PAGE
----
New York Yankees Can Do Big Things with $18.7M Saved from Mark Teixeira's Salary

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New York Yankees Can Do Big Things with $18.7M Saved from Mark Teixeira's Salary

Because Mark Teixeira will miss the remainder of the season with a wrist injury he sustained during the World Baseball Classic, the New York Yankees will now only have to pay $3.8 million of his 2013 salary, reports Andrew Marchand of ESPNNewYork.com.

The Yankees' own insurance, along with the WBC (World Baseball Classic), will cover the remaining $18.7 million.

In a March piece for FOXSports.com, Ken Rosenthal explained how the WBC can cover MLB teams if players sustain extended injuries while playing for Team USA. Teixeira is the first player to qualify as an "extended" injury case, meaning the Yankees will have to pay significantly less than the $22.5 million he was slated to earn.

Teixeira played just 15 games for the Yankees this season and hit .151/.270/.340 with three home runs, 12 RBI and 19 strikeouts. Lyle Overbay (69 games; .236/.278/.433) will play first base in his stead, though Jay Jaffe of SI.com reports that the Yankees could seek a replacement from outside of the organization.

By saving nearly $19 million, the Yankees have a ton of options over the next couple of months. In the near future, a portion of the money can be used at the trade deadline to bolster a depleted roster.

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Jaffe cites Minnesota Twins first baseman Justin Morneau as an option, and the Yankees could dip into the savings to offer more money to the Twins in an effort to lessen the value of the prospects being shipped out. The same could be said for Mark Reynolds of the Cleveland Indians, Paul Konerko of the Chicago White Sox and Kendrys Morales of the Seattle Mariners (all suggested by Jaffe).

General manager Brian Cashman could also use that money to entice the St. Louis Cardinals to part with Matt Adams. The slugger is without a position in St. Louis, but won't be a free agent until 2019. This makes him a valuable asset to any team.

If the Yankees offer the Cardinals decent prospects and a few million bucks, then there's no reason why the Cardinals would refuse such an offer. Adams, who only has experience at first base, could then be the designated hitter in future years (or play a similar role to the current one he plays with the Cardinals).

First base is not the only place where the Yankees can improve this season. Third base, catcher and the bullpen could all feasibly be improved. The money saved could be used similarly to how it would be at first base. By offering more money to teams, the Yankees will not have to part with such valuable assets.

Possibly, the most sensible allocation of these funds would be to use them to re-sign Robinson Cano when he hits free agency. Cano and the Yankees are said to be far apart in contract talks, but an extra $15 million or so spread out over the first few years of a contract could be enough for him to take the Yankees seriously.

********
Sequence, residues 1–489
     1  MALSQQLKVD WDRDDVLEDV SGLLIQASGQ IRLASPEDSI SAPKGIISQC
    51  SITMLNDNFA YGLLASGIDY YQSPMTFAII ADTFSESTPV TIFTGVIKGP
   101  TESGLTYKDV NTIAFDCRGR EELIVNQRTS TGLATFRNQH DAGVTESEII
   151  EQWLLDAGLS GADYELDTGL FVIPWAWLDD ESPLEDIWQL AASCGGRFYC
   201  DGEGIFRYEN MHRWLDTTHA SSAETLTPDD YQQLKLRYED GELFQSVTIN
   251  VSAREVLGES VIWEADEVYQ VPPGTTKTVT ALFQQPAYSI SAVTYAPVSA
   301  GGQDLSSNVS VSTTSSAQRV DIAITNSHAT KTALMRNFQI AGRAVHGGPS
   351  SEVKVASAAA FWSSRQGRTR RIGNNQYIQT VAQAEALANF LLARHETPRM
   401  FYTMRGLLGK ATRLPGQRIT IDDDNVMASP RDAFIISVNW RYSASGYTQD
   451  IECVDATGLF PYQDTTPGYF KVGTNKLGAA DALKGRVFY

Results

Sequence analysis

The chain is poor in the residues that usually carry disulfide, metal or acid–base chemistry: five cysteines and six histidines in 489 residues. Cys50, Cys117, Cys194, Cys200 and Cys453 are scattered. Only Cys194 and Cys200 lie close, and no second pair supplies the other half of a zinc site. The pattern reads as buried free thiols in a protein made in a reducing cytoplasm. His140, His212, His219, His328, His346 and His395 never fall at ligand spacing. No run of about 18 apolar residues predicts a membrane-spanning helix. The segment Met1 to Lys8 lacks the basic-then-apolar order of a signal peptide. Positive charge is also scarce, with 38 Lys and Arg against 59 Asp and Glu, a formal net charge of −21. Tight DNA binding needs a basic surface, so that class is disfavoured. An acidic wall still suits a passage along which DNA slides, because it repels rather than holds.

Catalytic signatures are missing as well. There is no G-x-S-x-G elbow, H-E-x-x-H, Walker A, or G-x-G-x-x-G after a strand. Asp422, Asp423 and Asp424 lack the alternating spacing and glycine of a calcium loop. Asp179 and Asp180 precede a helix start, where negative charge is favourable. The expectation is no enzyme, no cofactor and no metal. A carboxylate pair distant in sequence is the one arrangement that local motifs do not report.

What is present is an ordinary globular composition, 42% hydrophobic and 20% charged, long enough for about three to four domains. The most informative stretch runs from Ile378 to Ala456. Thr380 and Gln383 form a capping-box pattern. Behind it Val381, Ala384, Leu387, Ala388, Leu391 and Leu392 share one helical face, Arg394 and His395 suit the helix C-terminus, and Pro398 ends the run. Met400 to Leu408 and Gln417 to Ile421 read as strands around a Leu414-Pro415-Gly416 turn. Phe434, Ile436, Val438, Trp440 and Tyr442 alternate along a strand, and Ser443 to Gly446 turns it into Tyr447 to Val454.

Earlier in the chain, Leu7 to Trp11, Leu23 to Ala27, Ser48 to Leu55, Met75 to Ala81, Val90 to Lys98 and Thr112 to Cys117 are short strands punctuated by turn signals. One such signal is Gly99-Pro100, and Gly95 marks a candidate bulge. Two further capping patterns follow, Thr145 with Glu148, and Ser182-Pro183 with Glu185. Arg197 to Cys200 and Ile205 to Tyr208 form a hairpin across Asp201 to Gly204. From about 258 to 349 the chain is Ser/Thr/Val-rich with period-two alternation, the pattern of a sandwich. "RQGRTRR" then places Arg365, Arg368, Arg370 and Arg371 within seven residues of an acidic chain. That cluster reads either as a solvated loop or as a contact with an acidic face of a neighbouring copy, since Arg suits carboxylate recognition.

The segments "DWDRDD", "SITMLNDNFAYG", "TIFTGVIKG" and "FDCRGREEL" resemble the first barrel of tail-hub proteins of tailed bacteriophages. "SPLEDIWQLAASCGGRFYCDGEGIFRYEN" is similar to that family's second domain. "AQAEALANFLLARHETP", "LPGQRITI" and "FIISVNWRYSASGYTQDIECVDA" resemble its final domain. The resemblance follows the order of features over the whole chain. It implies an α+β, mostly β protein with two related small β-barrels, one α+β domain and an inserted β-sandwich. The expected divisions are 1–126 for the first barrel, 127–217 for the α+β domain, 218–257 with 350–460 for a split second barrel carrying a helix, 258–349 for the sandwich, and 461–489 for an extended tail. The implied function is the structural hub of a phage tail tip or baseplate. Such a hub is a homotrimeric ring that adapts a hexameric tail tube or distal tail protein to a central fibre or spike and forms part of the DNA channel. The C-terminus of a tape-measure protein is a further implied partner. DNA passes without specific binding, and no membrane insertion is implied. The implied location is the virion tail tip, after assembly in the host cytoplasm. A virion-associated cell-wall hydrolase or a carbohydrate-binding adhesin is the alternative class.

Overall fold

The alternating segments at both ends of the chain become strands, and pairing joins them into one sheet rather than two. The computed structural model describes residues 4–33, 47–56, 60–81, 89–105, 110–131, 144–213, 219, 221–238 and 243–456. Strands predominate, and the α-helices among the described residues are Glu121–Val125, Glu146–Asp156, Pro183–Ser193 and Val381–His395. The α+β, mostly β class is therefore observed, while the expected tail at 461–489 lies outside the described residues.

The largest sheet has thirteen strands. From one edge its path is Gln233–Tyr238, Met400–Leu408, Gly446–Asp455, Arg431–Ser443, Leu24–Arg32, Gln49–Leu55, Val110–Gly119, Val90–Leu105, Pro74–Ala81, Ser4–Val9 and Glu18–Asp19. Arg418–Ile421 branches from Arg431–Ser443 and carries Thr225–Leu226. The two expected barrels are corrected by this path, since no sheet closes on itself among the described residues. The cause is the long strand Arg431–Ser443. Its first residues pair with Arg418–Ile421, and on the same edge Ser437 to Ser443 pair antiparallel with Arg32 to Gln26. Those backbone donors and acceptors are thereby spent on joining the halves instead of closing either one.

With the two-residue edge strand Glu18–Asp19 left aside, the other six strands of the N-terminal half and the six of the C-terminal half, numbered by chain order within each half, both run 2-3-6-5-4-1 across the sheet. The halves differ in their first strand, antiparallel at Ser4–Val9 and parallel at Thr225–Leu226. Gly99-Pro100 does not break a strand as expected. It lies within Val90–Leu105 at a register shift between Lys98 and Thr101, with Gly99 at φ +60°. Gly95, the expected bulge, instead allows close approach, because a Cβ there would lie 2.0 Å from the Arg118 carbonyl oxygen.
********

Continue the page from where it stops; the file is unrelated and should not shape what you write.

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The Yankees likely don't want to agree on a lengthy deal with the 30-year-old slugger (he'll by 31 by the offseason), so upping the average annual payout would be ideal. After the Alex Rodriguez fiasco, it's a near guarantee that the Yankees will shy away from longer long-term commitments for the foreseeable future.

If Cano re-signs with the team, then saving so much money from Teixeira's injury will likely be the key reason why the Yankees were able to pull it off.

Cashman could also choose the most obvious route, which would be to use the extra $19 million in free agency. Hiroki Kuroda and Andy Pettitte will likely retire after the season (pure speculation on my part), while Phil Hughes is likely to walk via free agency. The remaining starters, then, will be CC Sabathia, Michael Pineda, Ivan Nova and David Phelps.

Seeing as how Pineda and Nova are relative question marks, Sabathia and Phelps are the only real locks for the rotation. With so many holes, $19 million can go a long way. Bolstering the entire pitching staff should be Cashman's No. 1 priority.

Joba Chamberlain and Mariano Rivera will both be gone as well, so the Yankees will be in the market for a closer (barring David Robertson's emergence), as well as middle-relief help. Some of these vacancies can be filled internally, but the Yankees have never been too willing to insert rookies into important roles.

Upgrading catcher could be a goal as well. Chris Stewart, Francisco Cervelli and Austin Romine—while all serviceable catchers—don't exactly scream "intimidating" as a group. Brian McCann will be a free agent and could be an option. His injury history may be turnoff, but a short-term deal wouldn't hurt the Yankees too much if he gets injured.

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Bringing in another outfielder could also be in the cards. Curtis Granderson will be a free agent and there's no telling whether the Yankees will attempt to re-sign him. If he doesn't come back, then Nate McClouth, Hunter Pence, Shin-Soo Choo and Jacoby Ellsbury could all possibly be linked to the Yankees.

I think I've made it pretty clear just how many options Cashman has. That $19 million saved is huge and can help the team in several different ways.

Cashman obviously can't fulfill all of his needs (or acquire all of these players) with that money, but he can easily change the face of this team if he uses it the right way.

The Yankees will miss Teixeira this season, but I'm sure they're happy to be saving so much money in return.

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